An alternative aspect of the present invention is shown in FIGS. 9-15, where a connector 200 includes a gripping device 218 that has an alternative construction (as compared to gripping device 118 described above). Exemplary optical connector 200 includes a body 212, a ferrule 214 provided at the body 212, and a fiber stub 217 of a predetermined length securely supported at the ferrule 214. The optical connector 200 also includes gripping device 218 to securely support terminated field optical fiber 216 (see FIG. 15) from an optical fiber cable 201. A cable holding member 220 is provided at the body at an opposite side to the ferrule 214 from the gripping device 218 and is configured to hold optical fiber cable 201 via a clamping mechanism 221. In a preferred aspect, field fiber 216 is spliced to stub fiber 217 in the ferrule 214 of the connector 200 through a butt couple at joint location 219. No index matching gel is required at the joint/splice location, as appropriate contact force between the fibers is maintained through the structure of the gripping device.

The body 212 can include a hollow inner cylinder or collar body 225 (see FIGS. 12-14). The ferrule 214 may be secured in a front portion of the collar body by an adhesive or interference fit. A hollow outer housing 224 receives the collar body 225 slidably in an axial direction. The collar body 225 and the outer housing 224 can both be formed integrally from a suitable plastic material by, for example injection molding, although metal and other suitably rigid materials can also be utilized. In a preferred aspect, the outer housing 224 is configured to be received by a mating receptacle, for example, a FAS socket receptacle or a FA socket receptacle, both of which are available from 3M Company, St. Paul, Minn.). Alternatively, optical connector 200 can be configured to mate with a standard format receptacle, such as SC, ST, FC, and LC connector formats. The collar body 225 can include a stepped, tubular shaped member having a center axis coincident with the fiber axis 202. The front portion 226 of the collar body 225 is open at its front end in the axial direction and is formed with a first recess 225a that securely receives the ferrule 214.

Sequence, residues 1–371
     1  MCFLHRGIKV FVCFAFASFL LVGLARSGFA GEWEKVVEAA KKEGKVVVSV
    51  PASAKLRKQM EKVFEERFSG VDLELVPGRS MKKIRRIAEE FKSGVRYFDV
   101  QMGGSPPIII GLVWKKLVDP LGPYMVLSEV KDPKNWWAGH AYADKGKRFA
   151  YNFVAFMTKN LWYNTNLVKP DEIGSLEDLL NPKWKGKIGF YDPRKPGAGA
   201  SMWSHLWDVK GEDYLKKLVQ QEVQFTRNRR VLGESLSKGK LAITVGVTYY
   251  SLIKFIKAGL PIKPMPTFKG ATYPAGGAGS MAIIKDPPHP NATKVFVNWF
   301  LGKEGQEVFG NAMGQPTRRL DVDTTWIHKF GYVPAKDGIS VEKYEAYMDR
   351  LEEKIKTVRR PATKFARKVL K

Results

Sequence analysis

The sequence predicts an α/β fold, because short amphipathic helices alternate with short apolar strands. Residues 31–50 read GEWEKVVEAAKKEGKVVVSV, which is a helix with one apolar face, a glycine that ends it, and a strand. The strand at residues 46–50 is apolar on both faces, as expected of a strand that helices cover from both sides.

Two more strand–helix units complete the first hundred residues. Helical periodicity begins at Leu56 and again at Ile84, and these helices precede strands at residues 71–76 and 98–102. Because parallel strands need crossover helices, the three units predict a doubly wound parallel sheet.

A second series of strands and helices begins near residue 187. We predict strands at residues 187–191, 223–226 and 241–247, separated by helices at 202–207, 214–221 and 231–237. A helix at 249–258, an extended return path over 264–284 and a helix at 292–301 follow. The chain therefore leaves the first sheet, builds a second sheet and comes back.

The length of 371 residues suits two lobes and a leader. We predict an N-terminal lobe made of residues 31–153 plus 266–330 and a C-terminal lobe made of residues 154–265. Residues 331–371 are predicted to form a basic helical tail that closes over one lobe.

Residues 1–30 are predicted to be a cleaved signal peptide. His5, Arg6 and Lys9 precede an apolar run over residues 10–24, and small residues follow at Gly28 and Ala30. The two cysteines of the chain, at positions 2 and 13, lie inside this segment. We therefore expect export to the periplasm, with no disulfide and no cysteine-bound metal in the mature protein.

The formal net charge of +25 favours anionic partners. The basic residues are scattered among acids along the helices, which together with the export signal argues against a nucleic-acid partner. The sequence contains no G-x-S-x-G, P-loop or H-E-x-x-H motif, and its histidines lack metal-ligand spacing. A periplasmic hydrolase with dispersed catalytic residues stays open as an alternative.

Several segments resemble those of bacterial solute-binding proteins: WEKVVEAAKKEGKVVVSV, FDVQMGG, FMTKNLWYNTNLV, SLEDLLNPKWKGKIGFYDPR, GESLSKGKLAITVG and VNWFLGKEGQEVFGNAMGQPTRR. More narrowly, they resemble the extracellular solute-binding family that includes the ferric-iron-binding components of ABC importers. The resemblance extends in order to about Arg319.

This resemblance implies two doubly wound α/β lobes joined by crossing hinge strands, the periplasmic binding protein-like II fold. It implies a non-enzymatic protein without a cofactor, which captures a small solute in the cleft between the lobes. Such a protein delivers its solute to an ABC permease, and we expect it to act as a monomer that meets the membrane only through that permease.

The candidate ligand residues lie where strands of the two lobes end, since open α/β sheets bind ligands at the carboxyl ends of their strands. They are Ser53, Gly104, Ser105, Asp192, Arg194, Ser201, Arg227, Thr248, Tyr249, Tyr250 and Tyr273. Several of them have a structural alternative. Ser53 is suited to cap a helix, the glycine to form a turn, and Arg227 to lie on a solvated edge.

The outer housing 224 of the body 212 is provided with a first cavity opening at the front end in the axial direction (left end in the figure). The first cavity of the outer housing receives the area of the front end 226 of the collar body 225. An opening 246b is also provided to receive gripping device 218 in a housing area formed in the collar body (see area 225b shown in FIG. 12).

The ferrule 214 of the optical connector 200 is a generally tubular member formed with a precision bore or through-hole along its center axis for holding fiber 217 and has a substantially cylindrical outer surface. The bore or through-hole guides and aligns a field fiber (fiber 216) to make an optical connection with stub fiber 217. The ferrule 214 is provided with an abutting end face 262 at one end in the axial direction extending flat substantially perpendicular to the center axis and the precision bore has an opening at the center of the end face 262 and extends straight along the center axis. In a preferred aspect, the ferrule end face 262 is angled or tapered. The ferrule 214 can be fabricated from a ceramic, a glass, a plastic, or other conventional material.